5 Pro Tips for Effective Reference Checks

Reference checks receive mixed reviews. While they have long been a customary last step in the recruitment process, some view them as minimally useful. The most common objection is that the candidate will only give you people who will say something nice about them, so what’s the point? With more than twenty-five years experience recruiting leaders, we have learned a thing or two about the value of checking references and how to do it well:

  1. Conduct a 360-degree reference check x 2: That is, ask for two people that the candidate reported to, two people that were peers and two people that reported to them. Two reasons: First, learning about the candidate from multiple perspectives allows you to ask tailored questions depending on the relationship and may show you differences in how they are viewed. Next, almost anyone can come up with three people to say something nice about them. However, finding six people to provide a reference who fall into the requested categories is much more challenging if you have not made and kept strong professional relationships.
  2. Current or recent relationships only: If the candidate has not worked with the reference in more than 5-7 years, the reference will be minimally useful to you. People change. The exception would be if the relationship has been maintained and the reference can speak to current behaviors and experiences of the candidate. For example, a previous leader who has served as a mentor or a peer that has stayed in touch with the candidate’s career.
  3. Design job-specific questions: “Tell me about Mary” may be a good softball opener but is easily answered with a list of all her wonderful qualities. Take the time to design questions that are directly related to the competencies necessary to be successful in the role and in the culture that the candidate will be joining. For example, if the job requires the ability to influence across lines of business, ask the references for examples of how the candidate has done this successfully in the past. If the culture demands collaboration, find out how they have demonstrated their ability to work collaboratively with colleagues – especially across lines of difference.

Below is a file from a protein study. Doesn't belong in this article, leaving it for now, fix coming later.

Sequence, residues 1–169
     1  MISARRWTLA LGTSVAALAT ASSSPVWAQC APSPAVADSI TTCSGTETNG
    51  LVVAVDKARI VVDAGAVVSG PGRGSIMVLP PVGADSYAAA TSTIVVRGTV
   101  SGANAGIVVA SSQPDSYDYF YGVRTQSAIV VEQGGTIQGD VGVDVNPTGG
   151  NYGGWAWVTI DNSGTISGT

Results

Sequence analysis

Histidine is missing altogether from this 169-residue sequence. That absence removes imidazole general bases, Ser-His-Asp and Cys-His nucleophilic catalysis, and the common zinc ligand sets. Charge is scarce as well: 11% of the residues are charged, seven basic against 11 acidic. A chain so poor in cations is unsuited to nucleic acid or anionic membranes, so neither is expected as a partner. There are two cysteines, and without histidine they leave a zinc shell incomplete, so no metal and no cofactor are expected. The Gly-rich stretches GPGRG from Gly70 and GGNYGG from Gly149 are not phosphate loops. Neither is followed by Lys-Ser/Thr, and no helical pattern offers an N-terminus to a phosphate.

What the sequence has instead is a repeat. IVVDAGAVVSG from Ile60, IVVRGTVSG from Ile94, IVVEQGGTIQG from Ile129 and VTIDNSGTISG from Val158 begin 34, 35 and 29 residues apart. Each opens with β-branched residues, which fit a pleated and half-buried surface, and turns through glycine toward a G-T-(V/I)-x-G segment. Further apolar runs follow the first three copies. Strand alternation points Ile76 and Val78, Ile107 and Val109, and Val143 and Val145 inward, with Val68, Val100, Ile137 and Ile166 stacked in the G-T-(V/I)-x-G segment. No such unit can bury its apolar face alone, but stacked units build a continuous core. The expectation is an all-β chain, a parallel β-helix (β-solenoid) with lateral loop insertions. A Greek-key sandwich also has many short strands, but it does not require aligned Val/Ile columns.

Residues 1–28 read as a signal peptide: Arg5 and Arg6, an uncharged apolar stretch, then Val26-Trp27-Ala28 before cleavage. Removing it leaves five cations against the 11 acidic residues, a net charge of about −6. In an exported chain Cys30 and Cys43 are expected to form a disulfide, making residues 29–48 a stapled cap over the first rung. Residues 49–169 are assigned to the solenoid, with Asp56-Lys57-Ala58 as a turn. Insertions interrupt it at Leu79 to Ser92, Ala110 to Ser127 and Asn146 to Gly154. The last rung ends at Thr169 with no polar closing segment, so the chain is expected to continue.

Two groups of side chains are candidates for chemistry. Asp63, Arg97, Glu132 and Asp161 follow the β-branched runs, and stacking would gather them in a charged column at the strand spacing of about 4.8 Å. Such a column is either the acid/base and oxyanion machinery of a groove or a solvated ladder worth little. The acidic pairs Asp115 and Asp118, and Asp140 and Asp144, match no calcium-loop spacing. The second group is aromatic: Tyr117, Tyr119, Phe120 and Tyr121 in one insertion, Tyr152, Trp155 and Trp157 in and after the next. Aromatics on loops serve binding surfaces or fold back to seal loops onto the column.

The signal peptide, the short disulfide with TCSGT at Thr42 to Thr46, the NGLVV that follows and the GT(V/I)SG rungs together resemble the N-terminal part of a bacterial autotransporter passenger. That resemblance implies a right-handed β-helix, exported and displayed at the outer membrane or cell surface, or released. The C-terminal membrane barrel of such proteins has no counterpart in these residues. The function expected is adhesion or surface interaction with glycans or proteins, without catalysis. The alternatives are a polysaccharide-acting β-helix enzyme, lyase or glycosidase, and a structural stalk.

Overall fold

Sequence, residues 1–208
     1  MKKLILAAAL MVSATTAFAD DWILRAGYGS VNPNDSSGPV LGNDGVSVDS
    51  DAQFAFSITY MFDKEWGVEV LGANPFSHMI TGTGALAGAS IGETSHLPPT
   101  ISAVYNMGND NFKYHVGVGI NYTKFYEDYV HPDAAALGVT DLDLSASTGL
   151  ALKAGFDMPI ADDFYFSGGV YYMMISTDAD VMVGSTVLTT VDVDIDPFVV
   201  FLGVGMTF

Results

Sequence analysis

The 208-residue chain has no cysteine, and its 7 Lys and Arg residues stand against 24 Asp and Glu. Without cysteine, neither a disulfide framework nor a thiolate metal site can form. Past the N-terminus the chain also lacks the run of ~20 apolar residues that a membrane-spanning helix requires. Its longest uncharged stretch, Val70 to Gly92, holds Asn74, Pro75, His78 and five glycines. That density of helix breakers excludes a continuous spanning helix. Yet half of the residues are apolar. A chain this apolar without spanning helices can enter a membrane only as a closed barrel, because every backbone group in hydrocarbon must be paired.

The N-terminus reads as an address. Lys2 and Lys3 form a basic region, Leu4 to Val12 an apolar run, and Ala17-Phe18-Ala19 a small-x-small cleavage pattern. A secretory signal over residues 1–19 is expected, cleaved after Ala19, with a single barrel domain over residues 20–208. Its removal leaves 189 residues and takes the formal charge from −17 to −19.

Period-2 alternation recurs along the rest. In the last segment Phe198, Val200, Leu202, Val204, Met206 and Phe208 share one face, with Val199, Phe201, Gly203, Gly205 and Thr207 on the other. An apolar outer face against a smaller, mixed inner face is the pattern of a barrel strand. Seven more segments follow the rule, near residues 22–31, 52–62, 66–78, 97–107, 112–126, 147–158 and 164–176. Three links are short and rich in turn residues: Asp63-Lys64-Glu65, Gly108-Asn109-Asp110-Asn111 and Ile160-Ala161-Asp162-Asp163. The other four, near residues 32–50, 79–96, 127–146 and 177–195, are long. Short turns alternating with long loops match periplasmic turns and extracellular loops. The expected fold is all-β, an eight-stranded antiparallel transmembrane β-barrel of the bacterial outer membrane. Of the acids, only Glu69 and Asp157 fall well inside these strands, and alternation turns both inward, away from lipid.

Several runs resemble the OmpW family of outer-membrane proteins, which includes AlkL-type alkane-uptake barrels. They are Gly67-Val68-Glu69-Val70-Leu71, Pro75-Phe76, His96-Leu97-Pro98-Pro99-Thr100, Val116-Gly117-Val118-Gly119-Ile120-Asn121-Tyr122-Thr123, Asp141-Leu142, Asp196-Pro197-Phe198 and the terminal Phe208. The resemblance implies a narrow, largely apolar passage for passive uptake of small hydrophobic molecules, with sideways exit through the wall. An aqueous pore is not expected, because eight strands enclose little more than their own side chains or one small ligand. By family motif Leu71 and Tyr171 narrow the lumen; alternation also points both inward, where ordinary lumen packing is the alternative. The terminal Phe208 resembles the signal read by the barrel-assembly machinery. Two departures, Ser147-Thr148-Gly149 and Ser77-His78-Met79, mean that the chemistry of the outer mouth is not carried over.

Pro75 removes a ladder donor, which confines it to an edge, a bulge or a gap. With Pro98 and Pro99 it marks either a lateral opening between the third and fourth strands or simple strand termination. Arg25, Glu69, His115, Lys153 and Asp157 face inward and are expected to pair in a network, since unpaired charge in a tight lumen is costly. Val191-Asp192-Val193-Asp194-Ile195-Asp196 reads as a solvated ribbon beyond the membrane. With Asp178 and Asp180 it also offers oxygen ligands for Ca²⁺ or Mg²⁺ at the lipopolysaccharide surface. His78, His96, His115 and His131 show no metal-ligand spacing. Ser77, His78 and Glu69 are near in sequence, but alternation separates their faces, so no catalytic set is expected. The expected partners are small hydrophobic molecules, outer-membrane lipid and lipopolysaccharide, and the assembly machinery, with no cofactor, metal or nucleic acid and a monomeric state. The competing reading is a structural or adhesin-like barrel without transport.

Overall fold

4. Allow for imperfection: Most references will not willingly share the weak spots of the candidate but if you make it clear that you do not expect candidates to be perfect, they may offer some helpful insights. Starting with a statement like “There is no such thing as a perfect candidate. Everyone has areas that they will need to grow into or where they need support from others. Based on how I’ve described the role, what areas do you think Mary may need some support so that she can be successful?”.
  5. What else is there to know?: If you have a good reference who knows the candidate well, they may be willing to share insights that you have not asked about. A final question such as “What else do we need to know about Mary as we consider her for this position?”, “Is there anything I haven’t asked you about Mary that you would like to add?” or “What other insights would you like to share about Mary that will help us to get to know her better?”.

Checking references can be a very valuable data point in the recruitment process. The more practice you have, the easier it will be to distinguish between candidates and the quality of references that they are able to provide.

Rigorous reference checks and candidate assessments are a part of every search we conduct for our clients. If you are interested in learning more about our Executive Search services, please contact us at info@catapultsuccess.com or (716)256-1550.

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